There is a very wide array of forested landscapes in Africa. Many of these forests are under incredible pressure from people as local populations expanded almost exponentially over the course of the last century: nearly everywhere the forested landscapes show clear signs of human impact. How they look today is a result of both environmental and human factors, but is the latter which have had the most negative impact. Humans interact with the forested landscape through collection of forest products, shifting cultivation, permanent of semi-permanent agriculture, and many different kinds of agroforestry systems. The issues of deforestation and accompanying land degradation is high on national and international agendas, but still poses a large challenge at the local level, as is the case in Ethiopia. 
Deforestation in Ethiopia takes place in both forests and farm woodlands and is recognized as the most severe environmental problem there. Deforestation and land degradation are impairing the capacity of forests and the land to contribute to food security and to provide other benefits such as fuel wood and fodder. The National Conservation Strategy of the Federal Democratic Republic of Ethiopia (FDRE) identifies deforestation as a major problem not only in the forest proper, but also in how it impacts upon other sectors such as crop farming, animal husbandry, water resources, and wildlife habitat.
Specific examples of the benefits forests bring to the local population – 85% of which is reliant on the land for their livelihood – include a source of fuel and building materials, as well as non-timber forest products (NTFPs) such herbs and spices and traditional medicaments, and natural food products like nuts, honey, fruit and edible fungi, plus they provide cover and food sources for domesticated animal populations. Forests provide the invaluable natural ecosystems that house the wide range of tree and plant species and the fauna that rely on them for their survival that otherwise would not survive in typical manmade monocultural habitats, and of course they also act as conservators and regenerators of soil and filtration systems for natural water catchments and hence protect waterways from damaging effluent run-off from chemical fertilisers and rapid evaporation from constant exposure to the sun.
Why then, if the overwhelming majority of the population is so reliant upon the benefits that forests bring, have they shrunk to a mere fraction of their past glory? The causes of Ethiopian deforestation are manifold, but before looking at the specific reasons for the current state of affairs, it is important to understand the historical context in which Ethiopian society has developed over the modern era.
Ethiopia has a rich and varied history, but its modern history which arguably laid the foundations of its long and bloody conflict in the late 20th century and its current position as one of the poorest nations on the planet began with the first overt European interference in the country’s affairs in the mid-19th century. Until 1936, Ethiopia had avoided the fate of most other African nations during the Europeans’ scramble for African colonies, although it was subject to military attacks, first by the British during an 1868 expedition to Abyssinia to rescue British nationals imprisoned by King Tewodros II, and then the Italians, who were desperate to keep up with the British, French, Belgians by carving out their own little piece of empire on the continent. Italian companies acquired land in Eritrea on the Red Sea board of Ethiopia in the 1870s and 1880s and then occupied it with Italian soldiers in 1888. Under Emperor Menelik II, the Ethiopians signed the Treaty of Wuchale with the Italians in 1889, granting them part of Northern Ethiopia in return for guns and ammunition to help fight the Egyptian Sudanese. Eritrea was effectively recognised by Ethiopia as an Italian colony from this date (and up until Mussolini assumed power in Italy in 1922, when the new administration stressed the racial and political superiority of Italians, "[t]he local population shared in the benefits conferred under Italian colonial administration, especially through newly created medical services, agricultural improvements, and the provision of urban amenities..."). However, the Italians said this also gave them power over all Ethiopia, but Menelik demurred, saying the native Amharic language version of the treaty said no such thing. Tensions came to a head in 1896 when the two nations went to war and the Italians were completely defeated at the Battle of Adowa – the first time a European army had ever been beaten by an African military force. The Italians recognised the full independence of Ethiopia as a result, although they never forgot their humiliation and returned to militarily intervene in Ethiopia again in 1936 under Mussolini.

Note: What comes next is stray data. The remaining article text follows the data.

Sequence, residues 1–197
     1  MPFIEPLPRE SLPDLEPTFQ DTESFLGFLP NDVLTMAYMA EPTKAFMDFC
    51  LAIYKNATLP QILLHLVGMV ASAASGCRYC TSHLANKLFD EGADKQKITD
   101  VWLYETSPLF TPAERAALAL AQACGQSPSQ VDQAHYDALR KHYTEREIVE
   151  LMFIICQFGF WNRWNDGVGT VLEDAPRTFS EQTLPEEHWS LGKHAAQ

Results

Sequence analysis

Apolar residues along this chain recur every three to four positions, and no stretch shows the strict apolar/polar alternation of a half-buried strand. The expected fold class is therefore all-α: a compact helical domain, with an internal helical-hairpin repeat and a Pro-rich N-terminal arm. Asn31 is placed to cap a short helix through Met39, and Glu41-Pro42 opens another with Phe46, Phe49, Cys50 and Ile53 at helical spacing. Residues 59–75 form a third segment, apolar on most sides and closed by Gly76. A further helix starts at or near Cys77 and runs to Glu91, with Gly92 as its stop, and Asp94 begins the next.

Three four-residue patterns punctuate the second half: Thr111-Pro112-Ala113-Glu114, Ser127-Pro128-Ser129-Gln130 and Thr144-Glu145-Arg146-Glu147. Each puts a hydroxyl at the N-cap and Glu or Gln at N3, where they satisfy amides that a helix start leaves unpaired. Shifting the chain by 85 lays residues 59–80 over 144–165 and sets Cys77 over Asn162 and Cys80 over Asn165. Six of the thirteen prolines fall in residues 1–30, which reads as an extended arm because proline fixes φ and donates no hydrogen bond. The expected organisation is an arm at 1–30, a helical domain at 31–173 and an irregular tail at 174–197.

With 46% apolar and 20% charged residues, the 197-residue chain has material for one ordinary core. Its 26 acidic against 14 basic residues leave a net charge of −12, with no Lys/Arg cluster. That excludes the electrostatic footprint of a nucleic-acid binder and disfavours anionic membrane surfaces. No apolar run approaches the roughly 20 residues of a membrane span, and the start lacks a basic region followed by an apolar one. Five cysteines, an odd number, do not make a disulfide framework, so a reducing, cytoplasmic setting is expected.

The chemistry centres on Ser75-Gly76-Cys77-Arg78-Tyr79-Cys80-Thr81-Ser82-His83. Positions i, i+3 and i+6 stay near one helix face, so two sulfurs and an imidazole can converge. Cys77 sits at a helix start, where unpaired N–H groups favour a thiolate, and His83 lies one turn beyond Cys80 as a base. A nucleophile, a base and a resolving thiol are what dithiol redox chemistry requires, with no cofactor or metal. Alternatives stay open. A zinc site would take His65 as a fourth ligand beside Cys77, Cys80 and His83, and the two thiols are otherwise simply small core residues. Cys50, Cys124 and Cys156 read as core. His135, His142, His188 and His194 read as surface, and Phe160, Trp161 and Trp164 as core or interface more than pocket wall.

Menelik was followed in quick succession by his grandson Lyasu V in 1913, who was deposed by the Ethiopian Christian nobility three years later because of his Muslim ties, and then Menelik’s daughter Zauditu, while her cousin, Ras Tafari Makonnen, was made regent and heir apparent. After the death of Empress Zauditu in 1930, Ras Tafari succeeded to the throne as Emperor Haile Selassie I (Haile Selassie is worshipped as the reincarnation of Jesus by adherents of Rastafarianism).